NAME: Chesaw
COUNTY: Okanogan
CLIMATE: Snow in winter
BEST TIME TO VISIT: Spring/Fall best times. Road open in winter
COMMENTS: About 10 current residents as of 1970. Go east out of Oroville, WA for about 25 miles. Follow signs or ask for directions.
REMAINS: A few scattered cabins, rodeo grounds, store and a tavern. Also, many remains of homesteads and mine buildings in the area.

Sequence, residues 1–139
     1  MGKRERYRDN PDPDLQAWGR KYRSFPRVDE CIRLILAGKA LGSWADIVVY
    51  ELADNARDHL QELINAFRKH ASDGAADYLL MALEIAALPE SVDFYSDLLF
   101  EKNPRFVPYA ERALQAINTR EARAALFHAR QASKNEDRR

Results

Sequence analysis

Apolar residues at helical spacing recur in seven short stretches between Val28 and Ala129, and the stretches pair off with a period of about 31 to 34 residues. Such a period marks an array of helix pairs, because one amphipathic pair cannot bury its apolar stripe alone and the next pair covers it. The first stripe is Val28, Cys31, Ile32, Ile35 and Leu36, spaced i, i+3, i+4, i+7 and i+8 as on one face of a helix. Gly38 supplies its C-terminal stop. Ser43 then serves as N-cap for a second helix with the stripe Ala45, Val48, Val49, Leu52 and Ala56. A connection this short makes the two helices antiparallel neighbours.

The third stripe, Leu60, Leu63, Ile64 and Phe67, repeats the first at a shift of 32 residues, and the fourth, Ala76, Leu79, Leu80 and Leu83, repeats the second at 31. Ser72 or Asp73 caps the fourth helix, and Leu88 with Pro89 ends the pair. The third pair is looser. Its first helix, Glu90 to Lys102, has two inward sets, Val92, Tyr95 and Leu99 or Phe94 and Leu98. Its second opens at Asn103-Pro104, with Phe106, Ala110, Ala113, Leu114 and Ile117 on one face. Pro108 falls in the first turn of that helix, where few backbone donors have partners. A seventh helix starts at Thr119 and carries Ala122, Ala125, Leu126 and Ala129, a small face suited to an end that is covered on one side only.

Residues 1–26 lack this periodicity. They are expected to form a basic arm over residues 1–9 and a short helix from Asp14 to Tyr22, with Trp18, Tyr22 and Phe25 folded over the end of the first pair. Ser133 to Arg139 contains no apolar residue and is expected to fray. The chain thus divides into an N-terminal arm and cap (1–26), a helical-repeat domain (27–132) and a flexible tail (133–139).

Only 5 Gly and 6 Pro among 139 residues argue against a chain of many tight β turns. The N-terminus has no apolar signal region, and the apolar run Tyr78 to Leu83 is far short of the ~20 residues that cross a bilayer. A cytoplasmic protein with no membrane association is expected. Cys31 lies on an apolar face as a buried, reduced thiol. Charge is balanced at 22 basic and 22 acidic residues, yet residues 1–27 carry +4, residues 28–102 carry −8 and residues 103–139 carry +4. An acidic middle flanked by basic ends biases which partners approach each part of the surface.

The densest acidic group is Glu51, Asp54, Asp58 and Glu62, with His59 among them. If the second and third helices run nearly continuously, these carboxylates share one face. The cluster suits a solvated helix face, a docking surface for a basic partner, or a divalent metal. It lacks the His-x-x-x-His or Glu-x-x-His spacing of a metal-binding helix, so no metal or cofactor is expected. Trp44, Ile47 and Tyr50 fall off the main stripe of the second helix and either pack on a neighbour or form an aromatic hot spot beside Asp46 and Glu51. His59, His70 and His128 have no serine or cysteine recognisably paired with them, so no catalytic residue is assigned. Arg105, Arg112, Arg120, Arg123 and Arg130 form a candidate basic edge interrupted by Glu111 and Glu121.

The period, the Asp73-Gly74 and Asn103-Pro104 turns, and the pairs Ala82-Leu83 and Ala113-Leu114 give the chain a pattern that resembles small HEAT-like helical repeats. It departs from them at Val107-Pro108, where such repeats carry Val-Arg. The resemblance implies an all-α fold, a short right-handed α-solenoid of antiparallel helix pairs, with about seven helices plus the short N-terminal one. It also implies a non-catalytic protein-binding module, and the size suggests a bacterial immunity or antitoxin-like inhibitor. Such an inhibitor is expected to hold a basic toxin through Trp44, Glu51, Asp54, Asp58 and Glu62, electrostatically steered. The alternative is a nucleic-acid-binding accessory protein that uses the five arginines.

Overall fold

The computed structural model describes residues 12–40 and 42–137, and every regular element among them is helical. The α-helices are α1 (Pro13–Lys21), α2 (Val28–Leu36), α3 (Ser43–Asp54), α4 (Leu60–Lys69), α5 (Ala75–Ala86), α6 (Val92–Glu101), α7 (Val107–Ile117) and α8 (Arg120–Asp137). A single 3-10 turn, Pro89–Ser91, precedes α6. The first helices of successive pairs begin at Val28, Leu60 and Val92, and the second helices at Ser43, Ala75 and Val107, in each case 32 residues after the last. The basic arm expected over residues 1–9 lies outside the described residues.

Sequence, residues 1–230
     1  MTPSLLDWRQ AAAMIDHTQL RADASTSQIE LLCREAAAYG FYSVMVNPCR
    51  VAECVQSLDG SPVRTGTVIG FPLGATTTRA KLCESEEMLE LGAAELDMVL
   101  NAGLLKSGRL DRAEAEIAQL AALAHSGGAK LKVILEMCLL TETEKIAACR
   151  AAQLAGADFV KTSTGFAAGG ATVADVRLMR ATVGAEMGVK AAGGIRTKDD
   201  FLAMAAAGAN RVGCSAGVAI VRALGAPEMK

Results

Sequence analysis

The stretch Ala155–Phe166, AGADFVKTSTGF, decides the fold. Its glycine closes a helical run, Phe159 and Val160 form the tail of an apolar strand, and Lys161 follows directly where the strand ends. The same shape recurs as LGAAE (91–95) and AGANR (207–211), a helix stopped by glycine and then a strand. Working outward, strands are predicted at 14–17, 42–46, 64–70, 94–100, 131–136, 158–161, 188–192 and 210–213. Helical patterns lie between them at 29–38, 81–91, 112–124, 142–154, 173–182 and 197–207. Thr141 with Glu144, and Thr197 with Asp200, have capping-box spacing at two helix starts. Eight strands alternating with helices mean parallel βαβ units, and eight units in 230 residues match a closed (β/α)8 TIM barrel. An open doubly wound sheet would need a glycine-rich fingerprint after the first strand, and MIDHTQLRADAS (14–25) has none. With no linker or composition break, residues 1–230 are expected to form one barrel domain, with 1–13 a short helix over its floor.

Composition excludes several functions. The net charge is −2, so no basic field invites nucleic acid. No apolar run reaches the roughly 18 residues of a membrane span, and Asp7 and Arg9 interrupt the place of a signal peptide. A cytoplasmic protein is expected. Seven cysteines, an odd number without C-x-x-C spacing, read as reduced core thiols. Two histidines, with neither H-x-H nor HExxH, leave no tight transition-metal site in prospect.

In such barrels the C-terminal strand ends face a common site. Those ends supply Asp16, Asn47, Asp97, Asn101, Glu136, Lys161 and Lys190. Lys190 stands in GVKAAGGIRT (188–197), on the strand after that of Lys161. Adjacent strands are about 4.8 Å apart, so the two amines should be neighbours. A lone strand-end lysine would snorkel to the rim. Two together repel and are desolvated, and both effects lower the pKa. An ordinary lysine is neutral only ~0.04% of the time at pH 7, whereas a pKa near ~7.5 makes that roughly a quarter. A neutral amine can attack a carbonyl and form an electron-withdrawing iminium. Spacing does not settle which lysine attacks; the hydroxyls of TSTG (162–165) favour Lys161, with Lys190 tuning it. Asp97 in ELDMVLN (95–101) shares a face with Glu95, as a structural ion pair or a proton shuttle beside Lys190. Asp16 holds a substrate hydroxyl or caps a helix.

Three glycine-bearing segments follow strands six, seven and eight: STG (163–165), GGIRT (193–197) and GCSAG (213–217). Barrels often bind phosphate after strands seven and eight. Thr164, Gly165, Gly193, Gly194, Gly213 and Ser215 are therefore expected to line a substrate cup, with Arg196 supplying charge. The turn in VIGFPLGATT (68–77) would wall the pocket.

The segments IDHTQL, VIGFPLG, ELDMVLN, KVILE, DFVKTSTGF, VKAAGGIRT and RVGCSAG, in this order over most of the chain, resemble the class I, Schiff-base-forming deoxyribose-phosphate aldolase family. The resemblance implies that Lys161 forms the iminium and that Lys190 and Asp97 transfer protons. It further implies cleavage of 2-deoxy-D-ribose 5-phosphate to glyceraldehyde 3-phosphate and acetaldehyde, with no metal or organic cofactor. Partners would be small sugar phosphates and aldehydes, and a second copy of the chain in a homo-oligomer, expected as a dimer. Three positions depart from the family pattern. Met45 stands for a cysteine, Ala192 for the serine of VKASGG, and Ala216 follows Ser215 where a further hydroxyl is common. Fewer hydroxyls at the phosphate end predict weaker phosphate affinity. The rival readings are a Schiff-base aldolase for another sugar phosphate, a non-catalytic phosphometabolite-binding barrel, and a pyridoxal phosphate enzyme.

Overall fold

Chesaw was named after "Chee-saw" an early Chinese settler who took an Indian wife and settled near a commonly traveled ford on Meyers Creek. In the 1800's visitors to Chee-Saw's Ford spotted some traces of gold in the creek. Word of the gold spread, but since the area was in the Colville Indian Reservation, no prospecting was allowed. In 1896, with morals adjusted to fit the pocketbook, the white man opened half of the reservation to mineral claims. Promptly, most of the good pastures and fields were taken by whites as placer claims. The townsite of Chesaw was laid out on land obtained by filing a half-dozen false claims side by side. Iron and copper were the first ores taken in hard-rock operations. Some gold was found in hard rock claims near town. By 1900 Chesaw was a sizeable log community of two hundred people. It grew rapidly into a full-blown town with two three-story frame hotels, and a population that neared the one-thousand mark on Saturday night. In the twenties, the automoabile led people to the bigger towns, and Chesaw declined at an increasing rate. Many buildings were scavenged. Fire racked the town in 1950 and again in 1959. Submitted by: Ed Page